One of the absolute best things I’ve learned from the Nerd Fitness Academy is the importance (and effectiveness!) of baby steps. Incremental changes over long periods of time will stick 100% better than quick, monumental changes. I used to be the kind of person who wanted to change everything at once. It’s a funny kind of perfectionism, where you say “Today is the day that I do EVERYTHING right!” And maybe on the first day, you do. Maybe even the second. But somewhere down the road you miss something, and all of a sudden your change, your effort, is no longer “perfect.” You’ve already failed, so why keep trying? So you give it up, and slide into your old ways, and then weeks or months down the road you map out another quick, monumental change that won’t stick. All the while getting down on yourself because you can’t seem to get better at life even though you want to.
Nerd Fitness has taught me to take it slow, and to love myself. You can’t hate yourself into a better person. You just can’t. But you sure can love yourself into a better one. That starts with letting yourself make mistakes. Letting yourself miss stuff, and not giving up just because you broke a streak or things won’t look “perfect” when you track them in your planner. Putting self-care and self-love before everything else has actually improved my productivity and my health. If I’m deep in the feels and really need some Netflix binging, I allow myself to do that. Depression isn’t something you deny your way out of, after all. But with a little TLC, I can come out of it faster and better prepared to get on with my life.
With all that in mind, I knew that I would need to be forgiving in my recovery process after the pregnancy. C-sections are no joke, caring for a newborn is tough in ways that you don’t quite expect, and since I spent the entire pregnancy laid up with HG I was starting from a literal ground zero, with no muscle strength, no stamina. Here’s my recovery process, broken down by weeks.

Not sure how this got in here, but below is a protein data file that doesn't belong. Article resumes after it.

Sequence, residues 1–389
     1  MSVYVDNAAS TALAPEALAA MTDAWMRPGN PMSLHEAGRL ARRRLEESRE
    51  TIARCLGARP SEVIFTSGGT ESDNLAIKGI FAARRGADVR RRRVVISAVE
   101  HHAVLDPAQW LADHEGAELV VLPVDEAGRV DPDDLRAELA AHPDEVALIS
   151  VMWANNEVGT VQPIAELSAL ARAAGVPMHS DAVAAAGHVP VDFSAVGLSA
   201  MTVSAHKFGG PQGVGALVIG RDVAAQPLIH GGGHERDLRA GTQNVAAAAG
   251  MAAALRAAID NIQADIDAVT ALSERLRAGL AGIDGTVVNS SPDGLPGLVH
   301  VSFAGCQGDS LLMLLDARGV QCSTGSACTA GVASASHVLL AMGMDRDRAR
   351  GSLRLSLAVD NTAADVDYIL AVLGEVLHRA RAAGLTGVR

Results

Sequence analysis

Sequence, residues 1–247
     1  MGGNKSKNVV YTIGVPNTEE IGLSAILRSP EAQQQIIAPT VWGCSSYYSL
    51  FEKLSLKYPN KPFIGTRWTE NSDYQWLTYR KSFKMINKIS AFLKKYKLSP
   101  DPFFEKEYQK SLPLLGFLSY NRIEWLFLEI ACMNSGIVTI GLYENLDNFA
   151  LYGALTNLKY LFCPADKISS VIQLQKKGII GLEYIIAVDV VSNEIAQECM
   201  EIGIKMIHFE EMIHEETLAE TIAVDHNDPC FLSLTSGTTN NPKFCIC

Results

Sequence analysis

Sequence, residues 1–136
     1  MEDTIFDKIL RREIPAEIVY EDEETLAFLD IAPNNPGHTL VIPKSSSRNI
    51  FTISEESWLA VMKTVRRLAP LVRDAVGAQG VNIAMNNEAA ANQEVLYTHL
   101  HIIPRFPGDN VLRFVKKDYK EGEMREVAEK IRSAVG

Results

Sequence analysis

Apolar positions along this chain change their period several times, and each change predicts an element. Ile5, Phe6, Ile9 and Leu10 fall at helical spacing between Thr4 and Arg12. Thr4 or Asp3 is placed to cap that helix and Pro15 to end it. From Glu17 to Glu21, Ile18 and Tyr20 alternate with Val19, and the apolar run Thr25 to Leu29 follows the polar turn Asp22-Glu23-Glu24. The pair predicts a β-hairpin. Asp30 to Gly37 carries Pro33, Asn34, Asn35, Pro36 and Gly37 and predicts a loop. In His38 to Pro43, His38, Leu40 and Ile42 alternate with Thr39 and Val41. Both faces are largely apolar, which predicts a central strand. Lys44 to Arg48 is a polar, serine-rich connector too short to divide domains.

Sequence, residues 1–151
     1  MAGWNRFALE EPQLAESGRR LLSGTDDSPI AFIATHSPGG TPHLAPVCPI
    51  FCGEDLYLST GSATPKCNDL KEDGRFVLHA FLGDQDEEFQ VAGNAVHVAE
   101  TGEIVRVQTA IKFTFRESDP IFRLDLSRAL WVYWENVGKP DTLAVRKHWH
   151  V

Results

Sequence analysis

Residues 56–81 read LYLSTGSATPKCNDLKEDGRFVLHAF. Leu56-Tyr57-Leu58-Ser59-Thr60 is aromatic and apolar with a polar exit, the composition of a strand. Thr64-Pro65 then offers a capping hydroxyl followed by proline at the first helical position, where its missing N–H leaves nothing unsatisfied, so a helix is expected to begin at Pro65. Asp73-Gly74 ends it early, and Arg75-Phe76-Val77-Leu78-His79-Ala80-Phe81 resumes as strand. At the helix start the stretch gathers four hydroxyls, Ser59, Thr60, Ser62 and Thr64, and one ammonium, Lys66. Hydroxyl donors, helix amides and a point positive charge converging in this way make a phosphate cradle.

Week One: Hubby took this week off work to stay home with us and help out, and that was super important and wonderful. Baby girl was eating every couple hours, and on some days even every hour or half hour (they call it a growth spurt…I was just exhausted). I just did not have the energy to constantly feed her AND change diapers, soothe her back to sleep, etc. I couldn’t even get up from a sitting position while holding her, because of the extra weight, my weak muscles, and the pressure it put on my incision. Likewise, if I’d had to cook for myself that whole week, I wouldn’t have eaten anything. Having hubby there to cook and refill my water (breastfeeding makes you SO thirsty) was a lifesaver. I didn’t give myself any goals this week, because I was expecting to still be in need of some major rest.
Week Two: My sister came to help out for the week, ferrying us to doctor appointments and cooking for us and spending lots of time hanging out with her niece. I was feeling way better after the surgery—what’s a little incision compared to the nine months of HG? I was also still taking ibuprofen and tylenol pretty much around the clock, which I can see now tricked me into thinking I was doing better than I was. I set a goal of 1,000 steps every day, and met that goal because in a single week I had a lactation consultation, a follow-up with my OB, an eye exam (because I desperately needed new glasses, and had run out of contacts), and a weigh-in at the pediatrician for the little one. Definitely too much to take on in week two of recovery! I also set a goal of writing 200 words/day, and brushing my teeth every morning. The teeth brushing went well (with someone else here to hold on to the baby while I did so, it was pretty easy), but the writing I only managed on one day. (Belly Progress: Still a super big uterus in there. I’ll need my maternity clothes for a while.)